Stumbling block or stepping stone: researching the Boyneside Soldier Settlement and success factors in World War I soldier settlement

There’s nothing better than a day at the Queensland State Archives (QSA). I have been delving into their records for a number of years for family history research, and have unearthed some fascinating stories in unexpected places.  In 2013 I undertook a major research project as partial fulfilment of the requirements of a Graduate Diploma in History, requiring significant use of the Archives collection.

The project was a micro-study of the Boyneside (sometimes known as South Burandowan) WWI Solider Settlement, from the perspective of the selectors and the community they formed. The goal was to identify each of the returned servicemen who selected land in the settlement (southwest of Kingaroy) and look at their experiences and the experience of the community.  Examining the selectors’ war service and their life after leaving the soldier settlement also became part of the research plan.  Much that has been written about soldier settlements focuses on the politics, hardships, and ‘failures’ of the soldier settlement scheme; my intent was to explore the concept of success for these men as well as the possible benefits of soldier settlement to the selectors individually and to the communities they established.

Mt Turners camp, Boyneside. Large tent, cover over wagon, man drying his face and burning fire c. 1920
Mt Turners camp, Boyneside. Large tent, cover over wagon, man drying his face and burning fire c. 1920

The primary record set utilized was the land selection files, also known as the Dead Farm Files (Series ID 14050). The challenge I faced was that these are not indexed by selector’s name – nor are the names of the selectors listed by settlement, nor are the files for one selection grouped together. The records are organized by land agent district, in numerical order of the file number assigned at the time of selection. This means that adjacent files may be of different lease selection types and, for portions of land, a great distance from one another. Cross-referencing to parish maps, government gazettes and electoral rolls (all held by QSA) was necessary to identify the selectors. There were still variations between the records – some said there were 25 or 26 blocks, others 31 blocks. There were also files that simply could not be located. Ultimately, files for 28 blocks were located which represented 32 selectors (as some blocks were selected multiple times).

An early settler, Beerburrum, December 1916
An early settler, Beerburrum, December 1916

To really get a picture of life on the settlement, I also consulted school administration files (Series ID 12607) and correspondence files (Series ID 6477), Land Settlement Committee files (Series ID 13746), Department of Public Works files, as well as post office and rifle range files (held by National Archives of Australia) and records held at the Country Women’s Association archives.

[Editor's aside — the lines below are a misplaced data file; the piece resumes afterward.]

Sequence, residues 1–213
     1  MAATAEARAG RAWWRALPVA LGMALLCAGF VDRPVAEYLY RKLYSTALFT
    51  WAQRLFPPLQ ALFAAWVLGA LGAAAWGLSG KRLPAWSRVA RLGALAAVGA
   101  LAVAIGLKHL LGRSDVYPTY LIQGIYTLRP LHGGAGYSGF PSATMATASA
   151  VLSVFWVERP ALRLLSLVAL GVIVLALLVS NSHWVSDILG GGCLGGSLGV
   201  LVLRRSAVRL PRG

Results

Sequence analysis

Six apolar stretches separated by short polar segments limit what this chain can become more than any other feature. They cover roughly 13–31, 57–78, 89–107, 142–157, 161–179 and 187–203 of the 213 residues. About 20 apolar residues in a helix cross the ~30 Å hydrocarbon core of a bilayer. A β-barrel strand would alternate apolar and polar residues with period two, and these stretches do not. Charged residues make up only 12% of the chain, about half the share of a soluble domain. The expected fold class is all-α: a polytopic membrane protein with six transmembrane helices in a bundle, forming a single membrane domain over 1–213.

The moral of this story is that there is no ‘one-stop shop’ or easy path to achieving the research results you seek, and ultimately the result may not be as neat and tidy as you’d like.  However, QSA is a veritable goldmine of information just waiting to be discovered and there’s a few things you can do to enhance your chances of success:

Be prepared. Read the Brief Guides and Search Procedures, learn to use the Archives catalogue, and prepare a list of documents before your visit.  This way you’ll be able to request records to be retrieved as soon as you arrive at the Archives, maximizing your valuable time there.Learn from the archivists – they are very experienced, know all kinds of tips and tricks for interrogating their catalogue, and are very familiar with the record sets held in the Archives.

Ask questions!
Think laterally and look at every possible source, even if you think it’s not really relevant. The most amazing things turn up in the most unexpected places.

No matter how careful and meticulous you think you are being in your recordkeeping, double your efforts to avoid duplicating searches and to save time when writing up your research.

Bring your lunch – QSA makes their facility a ‘home away from home’ for researchers, with a great lunchroom complete with fridge, kettle, microwave, tea, coffee etc.  You’ll have more research time if you don’t have to go out looking for food, and you might just make a new friend over a cuppa.

All of this contributes to a great day at the Archives. Of course, the greatness of the day will ultimately be determined by what you find. Sometimes a great day is finding that a piece of information that fills a gap or answers a question or even just gives you a clue to where to look next; sometimes it’s the thrilling serendipity of discovering more than you were looking for – a rare photo, a beautiful map, some very detailed or poignant correspondence that really sheds light on your topic or even a family scandal.

Personally, my favourite records are the School Administration Files. With quite a few teachers in my family tree, I’ve been overwhelmed to read and handle original letters written by my ancestors over 100 years ago. It’s been amazing to get a glimpse into the life of a teacher at an isolated one-teacher Queensland school in the early 1900s – it was definitely more than just reading, writing and arithmetic.

Written by Jane Harding, Historical Researcher and Heritage Librarian (Noosa Library Service)

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1 Response

  1. Anonymous

    Thankyou for this information. I am trying to find my Grandfathers soldier settlement block at Mundubbera. This has helped me to know where to look.

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